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Xorg upcoming release plans

Alan Coopersmith
Senior Principal Software Engineer

We've been talking for a bit now on the Xorg release-wranglers calls and mailing lists (and at the recent X Developer's Conference) about what should be in the future releases of the Xorg distribution. We've tossed around the idea having another release sometime this summer, but nothing has been decided for sure yet. Some of these are already in either branches off the Xorg CVS tree on freedestkop.org or in the experimental Xserver CVS tree on freedesktop.org.

Features that are being discussed as candidates for inclusion in the next release at this point include:

Composite Extension
Redirects window drawing to an offscreen pixmap so another client (a "composite manager") can transform the contents before displaying it.
Damage Extension
Sends notice when a client updates its windows with the "damaged" region so that a client such as a composite manager or screen magnifier or remote redirector (like VNC) can update the transformed actual output.
X Event Interception Extension (XEvIE)
Allows a client such as a composite manager or accessibility helper to intercept and modify events from input devices before delivering them to the final destination clients.
XFixes Extension
Grab bag of miscellaneous fixes to correct oversights in the original X protocol design.
Distributed Multihead X (DMX)
A single virtual server that displays onto video cards in multiple machines (similar things are done in existing commercial products such as Sun Fire Visual Grid System and X-Software's X-Meta-X).

The first four extensions are most interesting as a group, where they will enable both accessibility projects such as the magnifier and on-screen keyboard portions of the GNOME Accessibility Project, and eye-candy projects such as Project Looking Glass and translucent windows.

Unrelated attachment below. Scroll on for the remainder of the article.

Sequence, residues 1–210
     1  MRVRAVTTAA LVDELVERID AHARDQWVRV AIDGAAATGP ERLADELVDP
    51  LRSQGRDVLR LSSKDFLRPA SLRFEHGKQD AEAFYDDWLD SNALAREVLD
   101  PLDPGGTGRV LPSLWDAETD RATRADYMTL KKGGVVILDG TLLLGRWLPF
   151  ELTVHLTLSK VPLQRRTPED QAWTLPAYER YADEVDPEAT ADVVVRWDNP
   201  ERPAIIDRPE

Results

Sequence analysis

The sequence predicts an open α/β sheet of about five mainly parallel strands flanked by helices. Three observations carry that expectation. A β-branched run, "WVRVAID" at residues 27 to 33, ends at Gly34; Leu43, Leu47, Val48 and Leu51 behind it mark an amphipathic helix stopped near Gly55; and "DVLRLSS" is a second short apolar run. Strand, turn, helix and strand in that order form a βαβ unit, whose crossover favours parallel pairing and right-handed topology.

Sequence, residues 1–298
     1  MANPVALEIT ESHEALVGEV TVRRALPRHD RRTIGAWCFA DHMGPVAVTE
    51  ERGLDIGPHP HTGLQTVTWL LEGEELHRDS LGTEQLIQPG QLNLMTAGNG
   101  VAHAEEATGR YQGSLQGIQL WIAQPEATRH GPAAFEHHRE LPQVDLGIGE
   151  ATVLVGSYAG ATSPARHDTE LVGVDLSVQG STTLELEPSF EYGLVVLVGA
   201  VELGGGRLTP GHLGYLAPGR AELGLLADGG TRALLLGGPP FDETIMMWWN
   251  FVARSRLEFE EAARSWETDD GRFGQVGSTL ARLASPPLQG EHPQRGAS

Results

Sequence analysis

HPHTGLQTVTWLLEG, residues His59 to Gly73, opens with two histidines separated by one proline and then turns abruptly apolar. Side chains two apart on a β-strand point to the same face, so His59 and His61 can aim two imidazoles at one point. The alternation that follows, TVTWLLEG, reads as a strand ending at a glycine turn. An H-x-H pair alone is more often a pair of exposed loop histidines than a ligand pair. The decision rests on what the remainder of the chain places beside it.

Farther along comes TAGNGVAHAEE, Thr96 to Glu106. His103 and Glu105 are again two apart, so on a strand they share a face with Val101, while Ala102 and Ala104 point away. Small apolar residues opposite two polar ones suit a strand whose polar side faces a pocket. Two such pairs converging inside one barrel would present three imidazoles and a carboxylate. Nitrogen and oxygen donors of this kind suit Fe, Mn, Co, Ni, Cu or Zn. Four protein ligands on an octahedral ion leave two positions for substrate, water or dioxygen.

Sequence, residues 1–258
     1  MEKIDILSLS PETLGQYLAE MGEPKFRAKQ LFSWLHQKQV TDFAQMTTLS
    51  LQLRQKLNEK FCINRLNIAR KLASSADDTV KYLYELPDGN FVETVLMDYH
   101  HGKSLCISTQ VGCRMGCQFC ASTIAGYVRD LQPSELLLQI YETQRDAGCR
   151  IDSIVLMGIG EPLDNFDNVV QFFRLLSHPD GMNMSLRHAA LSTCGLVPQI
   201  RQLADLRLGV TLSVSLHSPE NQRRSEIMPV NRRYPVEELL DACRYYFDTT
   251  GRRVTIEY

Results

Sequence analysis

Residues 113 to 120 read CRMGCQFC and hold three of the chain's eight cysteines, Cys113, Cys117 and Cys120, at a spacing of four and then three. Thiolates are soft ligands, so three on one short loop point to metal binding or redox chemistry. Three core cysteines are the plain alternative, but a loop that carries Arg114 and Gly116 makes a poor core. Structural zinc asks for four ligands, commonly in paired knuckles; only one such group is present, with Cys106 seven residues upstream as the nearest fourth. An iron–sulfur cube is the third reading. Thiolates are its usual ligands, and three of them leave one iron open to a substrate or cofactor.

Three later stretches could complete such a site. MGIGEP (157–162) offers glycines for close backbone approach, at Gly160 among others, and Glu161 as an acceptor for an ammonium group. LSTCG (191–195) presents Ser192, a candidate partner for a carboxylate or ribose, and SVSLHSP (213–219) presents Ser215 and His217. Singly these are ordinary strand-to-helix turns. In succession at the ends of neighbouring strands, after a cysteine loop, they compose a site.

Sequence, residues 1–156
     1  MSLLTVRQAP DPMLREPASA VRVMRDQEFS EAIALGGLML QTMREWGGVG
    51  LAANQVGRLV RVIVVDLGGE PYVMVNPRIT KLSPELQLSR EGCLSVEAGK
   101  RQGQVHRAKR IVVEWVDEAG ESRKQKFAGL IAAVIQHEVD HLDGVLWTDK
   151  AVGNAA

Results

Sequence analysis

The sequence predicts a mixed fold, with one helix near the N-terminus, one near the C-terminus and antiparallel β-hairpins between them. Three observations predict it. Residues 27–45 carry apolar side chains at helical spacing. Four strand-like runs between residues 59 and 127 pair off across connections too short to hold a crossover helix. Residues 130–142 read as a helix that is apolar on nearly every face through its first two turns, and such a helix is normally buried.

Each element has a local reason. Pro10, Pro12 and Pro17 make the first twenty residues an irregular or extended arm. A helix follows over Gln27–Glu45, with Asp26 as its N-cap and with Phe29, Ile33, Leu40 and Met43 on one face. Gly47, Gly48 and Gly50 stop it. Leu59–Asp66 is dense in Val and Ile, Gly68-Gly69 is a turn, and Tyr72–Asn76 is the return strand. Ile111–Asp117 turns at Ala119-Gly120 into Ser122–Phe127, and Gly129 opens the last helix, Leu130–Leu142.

There's some longer-term projects that have been discussed and which the early work on may appear as well:

Document Conversion
The documents in the Xorg tree are in a variety of formats, including troff with several different macro packages, FrameMaker, TeX, and a few others. To make it easier to deal with them in the future, and allow editing and manipulations with free software tools, it's been proposed to convert them all to a common, standard format such as the DocBook XML format.
GNU Autotool Support
X has been built for years with the Imake build tool, but these days few other projects use it, while many use the GNU Autotools (autoconf, automake, libtool, pkgconfig, etc.) so many more developers know how to use them. Making the tree build with either Imake or the autotools so that developers can work with the toolchain they know best has been proposed as a way to help bring more developers in and get them up to speed faster.
Modularization
The X tree is a really big tree, currently released as one huge monolithic entity which results in large amounts of work for distributors to integrate new releases, spaced well apart at irregular intervals. Several people who work in packaging and distributing the releases would like to see the tree broken down into smaller components which can be released separately, so they can have smaller integration projects spread out over time to bring in the latest changes into their releases. Exactly how to accomplish this is still a topic of considerable debate.

And of course there's a variety of bug fixes and smaller enhancements that have gone in already and that will continue to go in (see the CVS ChangeLog and the freedesktop.org Bugzilla for details).

If even some of these make it, it looks like the next Xorg release will emerge from being perceived as "just a fork of XFree86" into an identity of it's own.

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